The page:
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Cut it!

Las year I wrote a post about řezané, the Czech custom of mixing a pale and dark beer, something like the English black & tan, and I never spoke about the subject again.

I used to drink a lot more řezané than I do now. In fact, since I have become some sort of "beer hunter" I almost don't drink "cut" beers at all, and if it wasn't for this pot by Ron Pattison, I don't think I would have thought about doing what you will see below.

I decided to mix some beers at home, but not as it is usually done, i.e. a pale and a dark beer from the same brand or brewing group, I wanted to cut beers that are different from each other, always keeping the pale+dark concept. These were the pairings:

First cut: Svijanský Rytíř + Pardubický Porter. 12° balling - 5%ABV for Svijany, 19° Balling - 8%ABV for Porter. The former, with a classic Bohemian pale lager bitterness to which some almost pale ale like fruity notes are added. The latter, with prunes, chocolate and port.
I poured a bit too much Svijany in the first pint and the result was a very boring beer. Instead of complementing or contrasting each other, both beers did their best in drowning each other out.

Maths dictated that the second pint should have more of the Porter. Things improved considerably. Licorice, coffee and burnt sugar stepped forward. All by themselves they wouldn't have been very pleasant, but with the support of the fusion of the fruit in both beers, the resulting drink acquired a very interesting complexity. A slow drinker.

Second cut: Janáček Comenius + Primátor Double: 14° Balling - 6%ABV for Comenius, 24° Balling - 10%ABV for Double. The biggest gravity difference and also a pretty large difference in flavour, dry herbal in the former, licorice and chocolate in the latter.
The result, however, was awful. Tasted like medicine with sugar. I had a hard time finishing the glass, and I still had two half bottles to mix. I Thought better and decided to drink them separatedly instead.

Third cut: Opat Bitter + Herold Tmavé. 11° Ballig - 4.2%ABV for Opat, 13°Balling - 5.2% ABV for Herold. The former, a light, pretty bitter session beer with cold hopping. The latter, perhaps my favourite Czech dark beer, with intense roasted notes.
The result was that Herold crushed the abbot, and while he was down on the ground, kicked him a bit more for good measure. The only effect on Herold was that it tasted a bit tired. Tried adding some more of the Opat, which resulted in a further beating and in a more tired dark beer. I thought that the contrasting flavours of these two beers would work in an interesting way, but I didn't consider the differences of the bodies of both.

Fourth cut: Polička Záviš + Herold Tmavé. After Herold's domination of the previous cut, I had my doubts about how this one would turn out. Though I was also hopeful, Záviš comes with 12°Balling and 5%ABV and with a rather fruity profile.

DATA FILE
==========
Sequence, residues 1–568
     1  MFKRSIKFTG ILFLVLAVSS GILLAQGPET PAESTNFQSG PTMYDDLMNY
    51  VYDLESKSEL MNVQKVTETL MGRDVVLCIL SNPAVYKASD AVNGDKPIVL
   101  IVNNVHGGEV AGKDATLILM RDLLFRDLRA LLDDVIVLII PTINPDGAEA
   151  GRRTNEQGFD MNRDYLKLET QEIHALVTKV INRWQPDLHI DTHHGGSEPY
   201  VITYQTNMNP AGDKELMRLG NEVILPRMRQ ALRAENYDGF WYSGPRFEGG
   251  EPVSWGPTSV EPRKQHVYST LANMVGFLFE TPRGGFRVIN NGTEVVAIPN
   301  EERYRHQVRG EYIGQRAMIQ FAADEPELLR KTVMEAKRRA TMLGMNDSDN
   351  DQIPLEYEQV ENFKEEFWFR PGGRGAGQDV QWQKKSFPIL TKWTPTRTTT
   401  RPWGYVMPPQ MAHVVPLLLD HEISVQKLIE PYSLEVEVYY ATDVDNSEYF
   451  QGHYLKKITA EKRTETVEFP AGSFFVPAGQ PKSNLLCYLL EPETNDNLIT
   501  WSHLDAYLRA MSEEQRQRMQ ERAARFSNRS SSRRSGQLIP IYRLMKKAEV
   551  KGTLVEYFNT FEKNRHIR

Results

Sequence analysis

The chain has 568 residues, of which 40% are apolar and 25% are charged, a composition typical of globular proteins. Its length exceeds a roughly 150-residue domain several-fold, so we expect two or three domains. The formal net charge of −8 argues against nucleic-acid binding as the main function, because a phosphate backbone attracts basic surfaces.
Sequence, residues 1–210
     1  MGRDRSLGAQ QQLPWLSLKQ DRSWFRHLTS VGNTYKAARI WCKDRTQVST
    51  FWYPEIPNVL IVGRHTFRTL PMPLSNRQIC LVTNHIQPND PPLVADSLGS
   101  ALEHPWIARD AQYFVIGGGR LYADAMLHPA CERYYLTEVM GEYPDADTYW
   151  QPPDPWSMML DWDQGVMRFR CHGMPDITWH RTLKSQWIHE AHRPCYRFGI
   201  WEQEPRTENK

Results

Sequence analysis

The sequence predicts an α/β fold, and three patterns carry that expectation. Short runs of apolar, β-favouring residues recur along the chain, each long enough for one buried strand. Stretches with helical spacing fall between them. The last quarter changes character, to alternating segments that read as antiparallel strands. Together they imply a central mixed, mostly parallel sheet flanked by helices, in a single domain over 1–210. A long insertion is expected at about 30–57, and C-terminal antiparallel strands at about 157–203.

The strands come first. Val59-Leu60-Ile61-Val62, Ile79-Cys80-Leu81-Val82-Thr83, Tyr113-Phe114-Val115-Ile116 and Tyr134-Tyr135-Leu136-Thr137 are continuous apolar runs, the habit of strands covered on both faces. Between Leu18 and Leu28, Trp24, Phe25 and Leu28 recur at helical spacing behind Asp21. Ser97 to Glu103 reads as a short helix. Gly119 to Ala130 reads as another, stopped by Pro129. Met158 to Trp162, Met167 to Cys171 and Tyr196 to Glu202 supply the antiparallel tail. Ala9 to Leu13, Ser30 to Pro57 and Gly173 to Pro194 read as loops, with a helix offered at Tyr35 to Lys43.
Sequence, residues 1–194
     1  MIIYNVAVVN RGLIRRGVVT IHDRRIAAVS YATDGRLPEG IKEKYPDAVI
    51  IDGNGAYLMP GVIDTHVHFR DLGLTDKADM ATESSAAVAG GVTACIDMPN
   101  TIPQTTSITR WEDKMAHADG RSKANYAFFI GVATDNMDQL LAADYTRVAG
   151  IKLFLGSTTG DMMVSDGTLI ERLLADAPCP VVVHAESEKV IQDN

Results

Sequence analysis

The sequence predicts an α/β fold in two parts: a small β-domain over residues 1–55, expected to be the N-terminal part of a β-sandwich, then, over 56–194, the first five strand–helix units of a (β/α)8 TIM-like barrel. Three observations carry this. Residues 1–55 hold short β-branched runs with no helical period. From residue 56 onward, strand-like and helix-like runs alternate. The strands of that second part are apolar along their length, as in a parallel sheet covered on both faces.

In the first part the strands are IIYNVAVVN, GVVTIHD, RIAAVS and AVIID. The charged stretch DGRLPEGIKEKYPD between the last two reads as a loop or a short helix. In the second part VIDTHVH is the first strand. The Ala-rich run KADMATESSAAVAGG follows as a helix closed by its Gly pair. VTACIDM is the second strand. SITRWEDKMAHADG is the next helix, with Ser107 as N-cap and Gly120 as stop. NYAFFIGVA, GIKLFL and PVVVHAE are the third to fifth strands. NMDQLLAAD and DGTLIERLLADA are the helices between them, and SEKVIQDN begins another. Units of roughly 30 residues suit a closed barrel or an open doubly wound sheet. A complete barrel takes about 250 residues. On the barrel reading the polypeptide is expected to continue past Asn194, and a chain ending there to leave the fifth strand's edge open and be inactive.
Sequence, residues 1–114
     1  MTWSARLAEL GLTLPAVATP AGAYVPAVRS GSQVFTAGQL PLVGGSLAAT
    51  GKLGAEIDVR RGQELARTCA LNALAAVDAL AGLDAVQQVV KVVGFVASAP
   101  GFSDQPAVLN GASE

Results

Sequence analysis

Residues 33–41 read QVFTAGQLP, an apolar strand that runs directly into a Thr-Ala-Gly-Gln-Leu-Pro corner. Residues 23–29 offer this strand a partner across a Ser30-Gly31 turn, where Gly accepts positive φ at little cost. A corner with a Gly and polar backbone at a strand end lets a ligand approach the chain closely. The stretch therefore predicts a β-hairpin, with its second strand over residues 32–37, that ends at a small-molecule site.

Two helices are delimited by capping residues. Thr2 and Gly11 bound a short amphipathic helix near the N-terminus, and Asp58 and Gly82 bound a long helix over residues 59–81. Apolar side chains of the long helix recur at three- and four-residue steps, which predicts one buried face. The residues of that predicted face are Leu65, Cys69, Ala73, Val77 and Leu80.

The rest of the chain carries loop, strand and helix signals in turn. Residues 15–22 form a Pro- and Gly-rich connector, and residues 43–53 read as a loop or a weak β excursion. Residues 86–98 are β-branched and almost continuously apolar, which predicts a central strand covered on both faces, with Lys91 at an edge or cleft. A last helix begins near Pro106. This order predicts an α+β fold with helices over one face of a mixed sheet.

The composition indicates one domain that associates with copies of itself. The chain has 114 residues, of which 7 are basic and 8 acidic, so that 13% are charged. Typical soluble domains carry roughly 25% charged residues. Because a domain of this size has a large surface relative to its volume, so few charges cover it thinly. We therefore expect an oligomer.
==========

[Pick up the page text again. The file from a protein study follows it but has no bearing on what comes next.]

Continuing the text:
The result was a Herold a bit more tired than before, but still dominating, leaving only a tiny space for the fruit from Záviš.

Neither of the cuts with Herold worked as I had expected. Maybe I should have mixed it with Svijanský Rytíř, or something similar, after all, that one managed to hold its ground very well with Porter, a much stronger beer. I will try it out one of these days.

Fifth cut: Primátor Weizenbier + Primátor Stout. The original plan was to recreate a black & tan with Primátor English Pale Ale, but I couldn't find it, so instead of going to look for it somewhere else I picked a bottle of Weizen. And why not? wasn't it the idea of this "study" to mix very different beers? And what can be more different than a Stout and a Heffeweizen.
I didn't know what to expect, but whatever it would turn out to be, the very idea of mixing these beers was a lot of fun. Fortunately, the result was fantastic. I poured the weizen first in the first pint. The taste of the blend was reminiscent of a rauchweizen, with some chocolate. Primátor Stout is brewed with some smoked malts, I don't know in what proportion, but I'm sure it isn't too big since their contribution is limited to an undertone that adds a bit more complexity to the drink. Here they took a more protagonist role, becoming a perfect duo with the fruit from the weizen.

The second pint was even better. This time I poured the stout first. The yeast sediments of the weizen formed a golden cloud that almost managed to totally separate both beers. The taste, very ripe bananas with espresso coffee and some chocolate. Here the smokned notes went back to the background and the coffee gained in intensity as the glass went down, without ever managing to fully dominate. When I finished this beauty I regretted not having bought another pair of those beers. I wanted to cut them again, this time in a pitcher and sit down to sip them slowly as the sun went down. That is something I will definetively do soon.
I want to keep on cutting beers. The possibilities are endless. Besides, it is something really fun and interesting to do, which also gives me some material to write about Czech beers, which I've kind of neglected lately.

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  1. Wow. Those are some wild science experiments. I'm a fan of Primator Weizen, but I somehow expected that that mix would work poorly. So much for assumptions. Sounded great.


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